Review published on August 10, 2018.
When Philipp Bettlach, an eminent local banker, is shot dead on a golf course in Zurich, Inspector Eschenbach is called in to investigate the murder. Twelve years earlier, aged thirty-eight, he had been appointed as head CID, Zurich Police Department’s youngest ever chief, so he is not an inexperienced investigator. However, he soon realises that, with no witnesses to the crime, and no obvious motive, his investigations are likely to prove difficult. When there is a second death in Basle, of a man who appears to have a link with the murder victim, the inspector hopes that this will help his investigations, but nothing is straightforward in uncovering the complex, dark and secretive life the banker had been living.
At the heart of this crime novel is a labyrinthine web of relationships and family secrets which has enabled the family and friends of the murder victim to become complicit in covering up some dark and disturbing behaviour. As the inspector’s investigations slowly begin to uncover these, he becomes increasingly frustrated that the influence of some high-ranking people, determined that these secrets should not be revealed, are making his job more difficult.
This is not a fast-moving story, in fact there were moments during the first half of the book when I felt frustrated by what felt like a rather ponderous investigation which, at times, seemed to be missing out on exploring what, to me, felt like some obvious lines of enquiry. However, because I was finding the happily married, espresso-drinking, knobbly Brissago cigarillo-smoking inspector an interesting character, I decided to cut him some slack! I’m pleased that I did because the second half of the story became much more gripping and psychologically convincing, making it a four, rather than a three-star read.
Although I had guessed some of the intricacies of the resolution, there were some last-minute surprises in store which added considerably both to the tension, and to my enjoyment. Without going into detail of one of the central lines of enquiry (which would be a spoiler!), I thought that some of the darker elements of the investigation, and the effects of these on various members of the team, were very convincingly handled. The descriptions of Zurich gripped by an enervating heatwave were very evocative and did much to add to a sense of torpor about the pace of the investigation. It was as though all the energy had been drained from the people and the location and huge effort was needed just to keep going. Several references to life in Switzerland brought the country into focus, again providing an extra dynamic to the developing story.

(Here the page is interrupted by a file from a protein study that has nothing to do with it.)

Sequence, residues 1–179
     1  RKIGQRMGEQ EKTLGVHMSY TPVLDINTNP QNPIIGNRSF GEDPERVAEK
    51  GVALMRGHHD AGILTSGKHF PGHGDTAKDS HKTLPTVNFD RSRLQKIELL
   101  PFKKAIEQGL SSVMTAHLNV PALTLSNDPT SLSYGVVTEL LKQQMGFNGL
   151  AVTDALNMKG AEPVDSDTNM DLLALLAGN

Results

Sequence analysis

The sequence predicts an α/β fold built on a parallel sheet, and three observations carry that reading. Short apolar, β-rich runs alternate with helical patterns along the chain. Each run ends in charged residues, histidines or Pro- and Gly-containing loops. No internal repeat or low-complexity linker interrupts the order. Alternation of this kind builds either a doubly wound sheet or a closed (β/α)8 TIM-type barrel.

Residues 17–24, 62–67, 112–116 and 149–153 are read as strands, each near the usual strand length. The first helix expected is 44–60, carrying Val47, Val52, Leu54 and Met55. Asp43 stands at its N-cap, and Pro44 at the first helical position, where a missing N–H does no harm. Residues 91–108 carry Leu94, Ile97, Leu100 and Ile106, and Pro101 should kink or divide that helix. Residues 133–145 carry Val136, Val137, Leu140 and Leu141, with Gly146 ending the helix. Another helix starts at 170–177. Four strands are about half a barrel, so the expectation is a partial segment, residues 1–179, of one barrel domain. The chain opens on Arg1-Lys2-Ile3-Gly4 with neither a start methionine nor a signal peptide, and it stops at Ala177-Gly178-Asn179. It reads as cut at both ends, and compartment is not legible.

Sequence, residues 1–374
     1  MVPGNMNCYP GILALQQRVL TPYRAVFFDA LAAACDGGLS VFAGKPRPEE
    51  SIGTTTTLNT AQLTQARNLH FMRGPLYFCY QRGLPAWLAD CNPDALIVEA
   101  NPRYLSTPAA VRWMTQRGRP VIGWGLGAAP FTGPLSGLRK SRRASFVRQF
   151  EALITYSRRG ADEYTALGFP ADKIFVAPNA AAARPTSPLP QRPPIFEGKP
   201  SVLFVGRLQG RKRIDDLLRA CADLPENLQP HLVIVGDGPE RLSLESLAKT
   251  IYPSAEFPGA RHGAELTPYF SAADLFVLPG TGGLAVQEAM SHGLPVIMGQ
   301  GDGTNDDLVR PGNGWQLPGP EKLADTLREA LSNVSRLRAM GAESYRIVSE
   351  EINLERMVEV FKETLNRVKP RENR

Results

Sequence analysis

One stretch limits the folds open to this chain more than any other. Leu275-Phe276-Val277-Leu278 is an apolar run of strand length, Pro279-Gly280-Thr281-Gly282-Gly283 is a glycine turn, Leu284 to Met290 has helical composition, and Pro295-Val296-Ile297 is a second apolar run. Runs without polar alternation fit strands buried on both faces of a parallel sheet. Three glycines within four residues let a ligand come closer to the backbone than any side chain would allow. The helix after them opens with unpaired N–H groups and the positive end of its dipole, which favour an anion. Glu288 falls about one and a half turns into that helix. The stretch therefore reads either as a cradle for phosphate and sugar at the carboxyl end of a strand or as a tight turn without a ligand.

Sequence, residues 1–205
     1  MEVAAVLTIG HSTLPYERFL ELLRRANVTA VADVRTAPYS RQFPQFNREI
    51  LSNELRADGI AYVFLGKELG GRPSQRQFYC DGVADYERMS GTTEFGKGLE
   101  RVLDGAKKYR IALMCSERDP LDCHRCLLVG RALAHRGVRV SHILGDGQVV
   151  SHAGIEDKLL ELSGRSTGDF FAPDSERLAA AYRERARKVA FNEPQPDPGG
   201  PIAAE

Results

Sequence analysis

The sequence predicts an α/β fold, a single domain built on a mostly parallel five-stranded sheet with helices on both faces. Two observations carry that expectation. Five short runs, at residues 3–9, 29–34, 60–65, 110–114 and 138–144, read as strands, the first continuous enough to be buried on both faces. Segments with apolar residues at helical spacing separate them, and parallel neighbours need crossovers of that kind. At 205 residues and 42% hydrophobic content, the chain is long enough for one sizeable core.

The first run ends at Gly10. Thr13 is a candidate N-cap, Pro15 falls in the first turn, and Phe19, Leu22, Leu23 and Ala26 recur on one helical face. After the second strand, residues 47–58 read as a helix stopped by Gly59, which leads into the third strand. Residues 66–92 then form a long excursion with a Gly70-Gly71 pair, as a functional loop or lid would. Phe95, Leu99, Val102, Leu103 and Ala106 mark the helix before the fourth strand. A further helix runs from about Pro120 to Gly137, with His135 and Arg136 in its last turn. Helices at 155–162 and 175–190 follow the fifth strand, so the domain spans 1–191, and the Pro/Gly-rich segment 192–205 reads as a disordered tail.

The inspector’s relationships with Claudio Jagmetti, his inexperienced but keen junior officer, his delightful secretary of ten years Rosa Mazzoleni, who always knows the best places to eat and stay, and his boss, Elisabeth Kobler added an interesting dimension to the developing story and, knowing that this is the first book in the series to be translated into English, I feel keen to get to know them all better – so I hope it won’t be long before the second book is translated!
Although I enjoyed this as a personal read, I do think that reading groups would probably struggle to find enough topics for any stimulating discussion.
Linda Hepworth 4/2
Death in Summer by Michael Theurillat
Zaffre 9781785767241 pbk Aug 2018
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